When we were the world's third wealthiest country in 1953 I was a sport-obsessed adolescent fourth-generation New Zealander living in a virtual paradise.
Now back home for 11 years in retirement, after working for 31 years in the southeast of England and for 15 months in Paris, I find my country has changed markedly.
Three OECD economists have concluded our economy is a Productivity Paradox. Why? Because our wealth is 27 per cent below the average developed nation's wealth.
Yet we have a treasure trove of natural resources on land and in our exclusive economic zone, the sixth largest in the world, that in all probability match Norway's abundant rich natural resources.
According to these OECD economists our wealth should be 25 per cent above the average. That Norway's GDP in 2013 was three times ours is a stark reminder of what is required to reverse our socioeconomic decline.
Realising the benefits of our treasure trove is beset however by daunting problems. Concerned about our low wages and low productivity, the late world-renowned nuclear physicist and 2011 New Zealander of the Year Sir Paul Callaghan astutely stated: "We are trapped in a myth of our own making."
Due mainly to the absence of an effective capital gains tax and the inordinate strength of our currency, our property and land investments are about nine times what we invest in our export-led high technology and intellectual property enterprises. Consequently we fail to compete in the sophisticated, highly competitive global marketplace.
Although many well-informed New Zealanders are concerned by our country's 30-year-plus socioeconomic decline, successive governments have failed to provide the leadership to address this issue. The private sector has been no better as shown by the sale of numerous successful NZ-founded enterprises to overseas-based owners.
The highly successful science, technology and intellectual property-based economies of Norway, Denmark and Finland, with similar sized populations, have important lessons for us.
Foremost are their high trust levels and social cohesion that ensure their politicians, state agencies, private sectors and trade unions reach agreement on nearly all important matters. The high taxes they pay for their quality near-universal education, healthcare, social welfare and substantial pensions are considered worthwhile exemplified by what they believe about education: "If you think education is expensive, try ignorance."
The Finnish education system leads the world and underpins their most successful export-led high technology sector. Besides its very high standard of living, Norway promotes sophisticated environmental sustainable policies.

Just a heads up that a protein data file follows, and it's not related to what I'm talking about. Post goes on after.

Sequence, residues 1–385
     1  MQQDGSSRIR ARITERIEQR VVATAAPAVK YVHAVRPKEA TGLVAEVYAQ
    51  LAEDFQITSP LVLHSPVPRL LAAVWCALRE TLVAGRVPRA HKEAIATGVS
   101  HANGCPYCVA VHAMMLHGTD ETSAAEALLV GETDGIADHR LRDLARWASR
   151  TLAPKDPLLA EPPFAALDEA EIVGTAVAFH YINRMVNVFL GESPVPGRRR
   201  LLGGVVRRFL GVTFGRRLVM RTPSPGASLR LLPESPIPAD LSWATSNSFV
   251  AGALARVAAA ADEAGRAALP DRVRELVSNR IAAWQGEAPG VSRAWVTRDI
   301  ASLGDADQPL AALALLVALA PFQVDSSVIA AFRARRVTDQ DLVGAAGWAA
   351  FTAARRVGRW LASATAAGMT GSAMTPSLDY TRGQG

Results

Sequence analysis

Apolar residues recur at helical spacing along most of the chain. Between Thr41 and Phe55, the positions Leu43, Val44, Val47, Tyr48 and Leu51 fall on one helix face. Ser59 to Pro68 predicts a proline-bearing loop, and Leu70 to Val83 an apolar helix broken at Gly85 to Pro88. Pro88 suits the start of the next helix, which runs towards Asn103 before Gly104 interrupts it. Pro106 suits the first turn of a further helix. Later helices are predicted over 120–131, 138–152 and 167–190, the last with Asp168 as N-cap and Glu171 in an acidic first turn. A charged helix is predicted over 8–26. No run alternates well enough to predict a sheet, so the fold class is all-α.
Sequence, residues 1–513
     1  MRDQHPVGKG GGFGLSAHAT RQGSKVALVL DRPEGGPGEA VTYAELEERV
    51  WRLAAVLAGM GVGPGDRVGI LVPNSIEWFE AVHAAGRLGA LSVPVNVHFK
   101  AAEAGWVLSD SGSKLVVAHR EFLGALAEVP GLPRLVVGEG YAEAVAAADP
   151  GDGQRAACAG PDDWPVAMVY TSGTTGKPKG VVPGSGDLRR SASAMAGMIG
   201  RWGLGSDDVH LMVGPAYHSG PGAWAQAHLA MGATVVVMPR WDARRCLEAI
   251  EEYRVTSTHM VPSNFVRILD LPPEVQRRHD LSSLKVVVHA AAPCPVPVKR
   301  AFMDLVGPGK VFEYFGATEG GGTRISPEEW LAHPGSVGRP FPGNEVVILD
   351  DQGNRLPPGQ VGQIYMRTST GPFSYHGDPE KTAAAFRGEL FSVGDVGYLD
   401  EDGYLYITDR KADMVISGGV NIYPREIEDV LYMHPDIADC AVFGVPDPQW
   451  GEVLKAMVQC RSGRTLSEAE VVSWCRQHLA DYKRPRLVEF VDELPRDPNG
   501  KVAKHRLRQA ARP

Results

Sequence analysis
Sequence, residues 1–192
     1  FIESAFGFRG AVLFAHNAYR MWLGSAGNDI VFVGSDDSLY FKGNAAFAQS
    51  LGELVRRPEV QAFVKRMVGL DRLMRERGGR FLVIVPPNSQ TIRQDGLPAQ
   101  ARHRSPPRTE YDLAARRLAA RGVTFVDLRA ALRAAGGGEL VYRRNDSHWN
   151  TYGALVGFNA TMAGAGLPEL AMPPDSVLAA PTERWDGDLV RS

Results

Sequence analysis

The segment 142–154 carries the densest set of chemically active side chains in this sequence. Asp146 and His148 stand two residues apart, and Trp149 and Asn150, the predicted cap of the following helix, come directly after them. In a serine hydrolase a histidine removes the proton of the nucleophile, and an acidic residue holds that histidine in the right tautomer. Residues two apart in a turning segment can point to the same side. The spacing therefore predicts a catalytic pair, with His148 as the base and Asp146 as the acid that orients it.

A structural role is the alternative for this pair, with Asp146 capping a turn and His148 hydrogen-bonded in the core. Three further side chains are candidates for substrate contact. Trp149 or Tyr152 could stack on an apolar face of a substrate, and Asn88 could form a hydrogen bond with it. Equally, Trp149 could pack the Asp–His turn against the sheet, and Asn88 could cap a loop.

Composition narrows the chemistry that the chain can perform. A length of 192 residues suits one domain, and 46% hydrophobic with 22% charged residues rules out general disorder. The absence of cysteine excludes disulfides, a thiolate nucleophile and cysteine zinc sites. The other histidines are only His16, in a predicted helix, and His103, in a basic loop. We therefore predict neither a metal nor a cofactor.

In 2012 Denmark's high value-added primary produce export earnings were similar to our primary produce earnings. The export earnings of her shipping, oil, manufacturing and intellectual property sector totalled 10 times our non-primary produce export earnings.
Eminent New Zealand physicist Professor Kate McGrath is a passionate promoter of the role the sciences and engineering play in achieving a prosperous knowledge-based economy. Despairingly, she longs for the day when: "New Zealand kids dream of being scientists."
Many of our intelligent youngsters succumb to the allure of fame, no matter how fleeting, and a fortune, no matter how remote, in international sports.
These virtual fulltime sportspeople spend 10,000 hours on average preparing for and competing in their respective sports. Very few gain a high grade trade apprenticeship or a quality university qualification especially in the sciences, engineering and mathematics.
Admirably, despite the dearth of top quality tradespersons, engineers and scientists, the remarkable NZ scientist Dr Mary Quinn, chief executive of Callaghan Innovation, is determined to increase the numbers and quality of our sorely neglected export-led high technology and intellectual property enterprises.
Our assets need to be owned mainly by people committed to our long-term prosperity; not footloose owners who take their enterprises wherever in the world they find the richest pickings. Otherwise our enterprises, equipment, money, technologies and skilled people will continue to go abroad to the detriment of our socioeconomic wellbeing.
We need the same high-quality leadership, financial and long-term commitment for our export-led enterprises, education, healthcare and social welfare that we have so successfully achieved in many international sports.
By emulating Norway, Denmark and Finland in nurturing the skills, insights and capacities of all our people our enviable paradise would be in reach of nearly everyone.
Without immense cultural changes, however, our socioeconomic decline will probably continue with the gulf widening between our rich minority and our burgeoning and marginalised underclass.